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Talent crucial in cloud-first, mobile-first world

23 Feb 2015

The days of having engineers sell systems to customers because they own the technology are over says Dave Wilson, Cisco client executive. Today’s sales require a different conversation – and different offerings.

Collaboration - and mobility - is more than a technical architecture, solution, or product set. It is the experience that integrates people, processes and technology. By working together better, people can achieve extraordinary things. 

While we are seeing businesses becoming better connected and more mobile than ever before, the key trends driving this are not specific technologies - it’s the way that customers are choosing to consume and use technology. Developments driven by scalable cloud computing mean businesses are now able to easily consume collaboration and mobility technologies within new flexible models. 

To understand these changing dynamics, we need look no further than the model deployed by our mobile carriers. In this scenario the business user has no idea how the technology behind their smartphone works, and nor do they care. In return for their monthly payment, they are able to access the voice and data services they need with a scalable contract. 

Changing conversations, changing talent In the cloud-first, mobile-first world, the end user is in control and the centralisation of the management systems that drive these solutions will further drive the pace of change. Add to this the recent evolutions in modern carrier networks such as 4G (LTE/VoLTE) mobile networks and the stage is set for an explosion in collaboration and mobility.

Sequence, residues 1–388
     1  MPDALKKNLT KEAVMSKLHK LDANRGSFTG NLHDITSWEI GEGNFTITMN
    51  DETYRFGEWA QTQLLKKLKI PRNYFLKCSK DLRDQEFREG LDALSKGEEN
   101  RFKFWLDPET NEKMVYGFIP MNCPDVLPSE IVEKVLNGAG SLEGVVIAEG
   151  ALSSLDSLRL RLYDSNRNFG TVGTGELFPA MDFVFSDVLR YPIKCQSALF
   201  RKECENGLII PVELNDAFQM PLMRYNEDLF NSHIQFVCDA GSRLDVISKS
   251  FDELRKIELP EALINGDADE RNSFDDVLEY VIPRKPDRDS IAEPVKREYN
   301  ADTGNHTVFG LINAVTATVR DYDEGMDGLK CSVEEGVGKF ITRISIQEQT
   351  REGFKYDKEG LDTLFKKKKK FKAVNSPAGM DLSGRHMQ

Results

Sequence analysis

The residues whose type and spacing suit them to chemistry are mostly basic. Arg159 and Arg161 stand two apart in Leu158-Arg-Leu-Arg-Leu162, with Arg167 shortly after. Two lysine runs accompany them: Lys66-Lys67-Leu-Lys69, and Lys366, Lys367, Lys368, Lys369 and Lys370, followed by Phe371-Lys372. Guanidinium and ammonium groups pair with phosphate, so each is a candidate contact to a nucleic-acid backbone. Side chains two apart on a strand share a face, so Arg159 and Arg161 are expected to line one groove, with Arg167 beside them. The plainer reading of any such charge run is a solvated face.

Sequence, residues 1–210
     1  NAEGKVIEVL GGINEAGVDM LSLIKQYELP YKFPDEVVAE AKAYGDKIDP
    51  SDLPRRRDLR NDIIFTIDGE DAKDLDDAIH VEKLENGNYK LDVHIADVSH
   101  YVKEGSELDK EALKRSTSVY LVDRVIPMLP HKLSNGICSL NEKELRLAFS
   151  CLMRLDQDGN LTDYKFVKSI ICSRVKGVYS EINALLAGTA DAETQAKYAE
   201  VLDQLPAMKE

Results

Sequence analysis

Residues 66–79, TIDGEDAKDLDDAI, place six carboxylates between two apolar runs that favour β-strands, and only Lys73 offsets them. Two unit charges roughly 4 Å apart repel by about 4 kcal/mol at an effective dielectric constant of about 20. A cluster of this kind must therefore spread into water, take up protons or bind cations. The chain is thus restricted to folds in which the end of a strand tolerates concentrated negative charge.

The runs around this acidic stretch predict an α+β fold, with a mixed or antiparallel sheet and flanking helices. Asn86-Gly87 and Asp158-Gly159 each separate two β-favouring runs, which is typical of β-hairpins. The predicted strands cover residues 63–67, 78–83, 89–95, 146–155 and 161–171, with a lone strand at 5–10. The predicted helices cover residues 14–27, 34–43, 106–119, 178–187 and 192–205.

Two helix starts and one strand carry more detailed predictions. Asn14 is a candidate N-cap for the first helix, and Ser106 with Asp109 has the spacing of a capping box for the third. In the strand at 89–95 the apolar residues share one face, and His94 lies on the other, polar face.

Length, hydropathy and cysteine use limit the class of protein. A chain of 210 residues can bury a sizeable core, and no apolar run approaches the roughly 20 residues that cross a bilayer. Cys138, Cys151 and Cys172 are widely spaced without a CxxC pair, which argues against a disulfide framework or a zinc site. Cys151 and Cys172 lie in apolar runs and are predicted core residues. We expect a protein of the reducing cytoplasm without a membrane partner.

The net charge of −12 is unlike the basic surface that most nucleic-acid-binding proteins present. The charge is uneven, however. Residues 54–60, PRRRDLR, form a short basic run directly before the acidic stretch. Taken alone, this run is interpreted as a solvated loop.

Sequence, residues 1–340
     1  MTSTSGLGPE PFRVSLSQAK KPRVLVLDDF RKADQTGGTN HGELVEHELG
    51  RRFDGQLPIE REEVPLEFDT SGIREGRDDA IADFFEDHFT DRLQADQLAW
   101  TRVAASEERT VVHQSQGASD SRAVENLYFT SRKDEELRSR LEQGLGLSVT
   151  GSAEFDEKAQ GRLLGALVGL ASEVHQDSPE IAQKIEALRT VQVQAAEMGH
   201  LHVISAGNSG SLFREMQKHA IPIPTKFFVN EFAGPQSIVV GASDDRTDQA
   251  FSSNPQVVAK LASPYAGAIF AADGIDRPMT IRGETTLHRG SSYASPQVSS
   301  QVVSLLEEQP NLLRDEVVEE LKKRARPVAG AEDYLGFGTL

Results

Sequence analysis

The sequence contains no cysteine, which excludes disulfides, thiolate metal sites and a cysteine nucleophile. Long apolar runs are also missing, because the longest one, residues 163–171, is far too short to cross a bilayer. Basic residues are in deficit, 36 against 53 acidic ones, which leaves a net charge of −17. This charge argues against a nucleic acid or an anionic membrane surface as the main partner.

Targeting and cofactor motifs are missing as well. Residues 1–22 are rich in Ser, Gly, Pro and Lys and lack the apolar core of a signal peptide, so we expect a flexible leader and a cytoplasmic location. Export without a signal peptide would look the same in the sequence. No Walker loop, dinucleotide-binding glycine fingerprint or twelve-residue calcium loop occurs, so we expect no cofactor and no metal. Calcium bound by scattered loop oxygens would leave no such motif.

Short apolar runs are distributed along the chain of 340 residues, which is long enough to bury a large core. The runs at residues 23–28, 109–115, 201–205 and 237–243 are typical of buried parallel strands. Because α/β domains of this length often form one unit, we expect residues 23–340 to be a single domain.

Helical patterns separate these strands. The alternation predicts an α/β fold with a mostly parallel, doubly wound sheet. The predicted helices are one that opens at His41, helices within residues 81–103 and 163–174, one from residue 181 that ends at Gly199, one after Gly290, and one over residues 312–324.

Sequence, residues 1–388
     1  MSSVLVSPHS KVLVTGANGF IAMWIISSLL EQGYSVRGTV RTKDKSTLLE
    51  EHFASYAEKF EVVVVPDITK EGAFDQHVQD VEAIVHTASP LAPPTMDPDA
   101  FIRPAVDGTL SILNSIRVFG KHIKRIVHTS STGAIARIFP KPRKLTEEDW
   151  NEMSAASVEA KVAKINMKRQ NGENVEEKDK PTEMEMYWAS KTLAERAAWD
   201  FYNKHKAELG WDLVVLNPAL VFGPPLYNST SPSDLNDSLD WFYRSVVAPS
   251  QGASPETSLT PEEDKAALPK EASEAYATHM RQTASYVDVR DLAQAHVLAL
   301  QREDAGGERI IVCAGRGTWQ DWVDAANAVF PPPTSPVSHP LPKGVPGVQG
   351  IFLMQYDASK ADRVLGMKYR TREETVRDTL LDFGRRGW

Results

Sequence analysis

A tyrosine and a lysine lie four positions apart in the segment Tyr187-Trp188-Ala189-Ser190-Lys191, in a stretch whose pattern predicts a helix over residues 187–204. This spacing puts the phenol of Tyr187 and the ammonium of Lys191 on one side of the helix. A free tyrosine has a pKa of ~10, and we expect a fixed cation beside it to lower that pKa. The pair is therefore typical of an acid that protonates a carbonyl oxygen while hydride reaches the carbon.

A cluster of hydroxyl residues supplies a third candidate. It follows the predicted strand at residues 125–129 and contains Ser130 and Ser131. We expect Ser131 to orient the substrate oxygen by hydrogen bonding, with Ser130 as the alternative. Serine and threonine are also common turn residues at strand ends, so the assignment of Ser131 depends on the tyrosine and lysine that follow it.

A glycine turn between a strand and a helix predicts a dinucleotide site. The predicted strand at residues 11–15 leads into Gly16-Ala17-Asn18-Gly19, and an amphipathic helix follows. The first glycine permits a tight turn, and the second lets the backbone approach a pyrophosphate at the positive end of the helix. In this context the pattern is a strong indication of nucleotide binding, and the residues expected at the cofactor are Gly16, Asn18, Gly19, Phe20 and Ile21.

Traditionally for on-premise solutions, resellers typically employed engineers to sell systems to IT teams because they owned the technology, the budgets and spoke the right language. 

Today it’s a completely different conversation because the ‘need’ or ‘business case’ for collaboration or mobility solutions is often driven by contact centres, human resources or marketing teams. Today it’s about understanding how to sell to these customers. 

We’re also seeing these changing collaboration dynamics play out in the public sector. Government is now focusing on realising the benefits of cloud solutions for telecommunications and other core services. This is in turn driving service providers, systems integrators and technology partners to invest in and build cloud-based platforms to service this key demand. 

Platforms created for government will quickly cross over into the private sector, creating a range of trickle down offerings to address the commercial needs of Kiwi businesses. As this process accelerates, partnering will be vital for some resellers, and we will see others move from reselling technology to selling white-labeled or aggregated cloud solutions.

As cloud and the internet of things play out over the coming years, collaboration will become further embedded in the way people work.

Traditional resellers need to think ahead about the talent they’ll need in their business in order to remain relevant in this cloud-first, mobile driven world.